Competition laws are built around three pillars. The first pillar is a general prohibition of agreements or concerted practices between undertakings which have the object or effect of restricting competition. This rule prohibits cartel conduct and certain other types of restrictive cooperative practices between competitors. The second pillar is a prohibition on the abuse of market power. This rule makes it unlawful for undertakings with market power to restrict competition by engaging in exclusionary or exploitative conduct. The third pillar is a regime of merger control aimed at preventing harmful business “concentrations”. This often translates into requirements for notification and clearance of sizeable M&A transactions.
The first of these pillars, making certain restrictive agreements unlawful, has raised the most issues in the transport industry. For historical reasons, but also for reasons of market efficiency, transport networks rely on a large degree of cooperation among market players. This is why regulators have historically exempted large sectors of the transport industry from the application of this prohibition against restrictive agreements. Accordingly, the aviation or shipping sectors have enjoyed generous exemptions or immunity regimes in jurisdictions with established competition law such as Europe, the US, Japan or Australia.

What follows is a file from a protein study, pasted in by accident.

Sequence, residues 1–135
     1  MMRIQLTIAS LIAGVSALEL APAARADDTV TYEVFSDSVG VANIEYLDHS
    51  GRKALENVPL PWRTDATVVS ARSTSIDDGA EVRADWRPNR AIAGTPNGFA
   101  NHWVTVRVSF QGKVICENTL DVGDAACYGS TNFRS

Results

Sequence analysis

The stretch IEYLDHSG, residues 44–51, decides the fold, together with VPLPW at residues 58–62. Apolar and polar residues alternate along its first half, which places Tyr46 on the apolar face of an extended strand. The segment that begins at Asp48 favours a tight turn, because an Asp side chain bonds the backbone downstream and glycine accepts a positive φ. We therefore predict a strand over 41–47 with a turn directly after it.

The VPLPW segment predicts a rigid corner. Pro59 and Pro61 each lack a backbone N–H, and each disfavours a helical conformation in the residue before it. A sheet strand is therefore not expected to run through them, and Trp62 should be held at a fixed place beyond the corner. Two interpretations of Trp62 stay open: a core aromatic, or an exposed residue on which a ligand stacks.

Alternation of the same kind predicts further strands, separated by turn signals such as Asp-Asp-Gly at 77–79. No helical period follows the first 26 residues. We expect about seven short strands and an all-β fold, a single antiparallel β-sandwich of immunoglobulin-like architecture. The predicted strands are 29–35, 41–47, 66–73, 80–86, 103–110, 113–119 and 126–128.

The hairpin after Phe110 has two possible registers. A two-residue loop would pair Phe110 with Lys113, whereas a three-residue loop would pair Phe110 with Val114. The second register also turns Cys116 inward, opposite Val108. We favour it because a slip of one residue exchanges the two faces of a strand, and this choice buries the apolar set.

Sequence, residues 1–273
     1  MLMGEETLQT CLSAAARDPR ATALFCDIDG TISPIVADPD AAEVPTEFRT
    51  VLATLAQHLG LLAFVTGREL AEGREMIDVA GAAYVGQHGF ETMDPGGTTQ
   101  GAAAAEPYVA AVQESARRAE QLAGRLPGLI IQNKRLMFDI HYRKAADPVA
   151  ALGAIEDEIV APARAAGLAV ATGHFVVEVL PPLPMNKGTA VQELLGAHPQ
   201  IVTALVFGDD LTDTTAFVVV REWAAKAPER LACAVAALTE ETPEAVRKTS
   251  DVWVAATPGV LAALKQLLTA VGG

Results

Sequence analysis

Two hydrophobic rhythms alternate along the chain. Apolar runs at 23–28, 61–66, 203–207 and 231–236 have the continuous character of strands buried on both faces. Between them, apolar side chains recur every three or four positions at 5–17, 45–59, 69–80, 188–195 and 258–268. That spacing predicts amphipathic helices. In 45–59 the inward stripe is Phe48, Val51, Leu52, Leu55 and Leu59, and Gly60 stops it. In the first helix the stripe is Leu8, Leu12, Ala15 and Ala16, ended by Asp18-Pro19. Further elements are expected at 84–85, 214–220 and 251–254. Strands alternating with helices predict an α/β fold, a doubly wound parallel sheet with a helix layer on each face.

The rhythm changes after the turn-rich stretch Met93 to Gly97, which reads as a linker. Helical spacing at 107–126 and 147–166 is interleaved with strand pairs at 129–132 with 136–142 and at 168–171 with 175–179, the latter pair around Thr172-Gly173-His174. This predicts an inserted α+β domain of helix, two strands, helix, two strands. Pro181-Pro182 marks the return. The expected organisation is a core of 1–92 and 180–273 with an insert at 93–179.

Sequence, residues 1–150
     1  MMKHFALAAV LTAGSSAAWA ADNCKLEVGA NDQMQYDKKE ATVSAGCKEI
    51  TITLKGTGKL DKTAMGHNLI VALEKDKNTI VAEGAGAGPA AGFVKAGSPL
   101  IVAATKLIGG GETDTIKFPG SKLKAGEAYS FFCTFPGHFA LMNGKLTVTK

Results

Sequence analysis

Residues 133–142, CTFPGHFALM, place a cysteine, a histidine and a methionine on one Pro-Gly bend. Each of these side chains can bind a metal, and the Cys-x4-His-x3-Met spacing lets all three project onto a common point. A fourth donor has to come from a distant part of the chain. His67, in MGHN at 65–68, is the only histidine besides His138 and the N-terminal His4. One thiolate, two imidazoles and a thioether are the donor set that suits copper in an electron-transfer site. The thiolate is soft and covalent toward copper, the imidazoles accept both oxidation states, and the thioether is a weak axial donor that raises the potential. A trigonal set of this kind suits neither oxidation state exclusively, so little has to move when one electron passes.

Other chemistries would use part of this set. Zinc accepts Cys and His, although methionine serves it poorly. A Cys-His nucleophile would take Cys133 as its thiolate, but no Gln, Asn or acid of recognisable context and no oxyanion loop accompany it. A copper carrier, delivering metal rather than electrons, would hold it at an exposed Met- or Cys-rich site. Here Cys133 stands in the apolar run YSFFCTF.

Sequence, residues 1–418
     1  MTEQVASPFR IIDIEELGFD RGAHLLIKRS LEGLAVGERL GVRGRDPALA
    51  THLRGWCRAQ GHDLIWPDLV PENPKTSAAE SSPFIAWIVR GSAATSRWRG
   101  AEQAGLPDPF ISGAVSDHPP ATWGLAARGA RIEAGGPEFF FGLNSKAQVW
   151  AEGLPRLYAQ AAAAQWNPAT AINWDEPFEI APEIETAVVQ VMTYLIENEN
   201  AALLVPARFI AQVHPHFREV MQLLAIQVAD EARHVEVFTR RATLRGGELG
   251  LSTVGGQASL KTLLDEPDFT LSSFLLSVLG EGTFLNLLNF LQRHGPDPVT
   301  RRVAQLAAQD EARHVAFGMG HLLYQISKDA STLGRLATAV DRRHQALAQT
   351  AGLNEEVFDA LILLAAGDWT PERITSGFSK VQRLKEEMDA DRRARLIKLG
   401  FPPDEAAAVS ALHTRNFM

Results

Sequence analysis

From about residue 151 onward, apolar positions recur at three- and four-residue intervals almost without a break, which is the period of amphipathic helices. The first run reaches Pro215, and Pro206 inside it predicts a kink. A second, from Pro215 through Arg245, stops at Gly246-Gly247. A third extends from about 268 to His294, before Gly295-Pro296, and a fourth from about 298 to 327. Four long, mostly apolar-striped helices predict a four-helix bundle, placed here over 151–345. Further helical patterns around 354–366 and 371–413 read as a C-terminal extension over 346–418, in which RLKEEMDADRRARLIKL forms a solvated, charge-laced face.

In more recent years, however, there has been a move away from broad exemptions in these sectors. In late 2008, the European Commission withdrew its block exemption for liner conferences, after a detailed investigation showing that there was no evidence that the liner shipping industry required such an exemption to operate. Similarly, most block exemption regulations in the aviation sector have been repealed. In the US, recent legislative proposals were introduced to withdraw the current antitrust immunity regimes for international aviation agreements and shipping conferences. In other jurisdictions, such as Australia or Canada, there have also been efforts to reduce the scope of the existing exemption regimes: limited exemptions remain for registered international liner shipping conferences, but they do not cover the most restrictive provisions - such as mandatory adherence to collective tariffs - and the agreements remain subject to regulatory oversight by the competition authorities. Finally, in jurisdictions such as China or Indonesia which have more recent competition law regimes, these liner shipping agreements do not benefit from any express exemptions.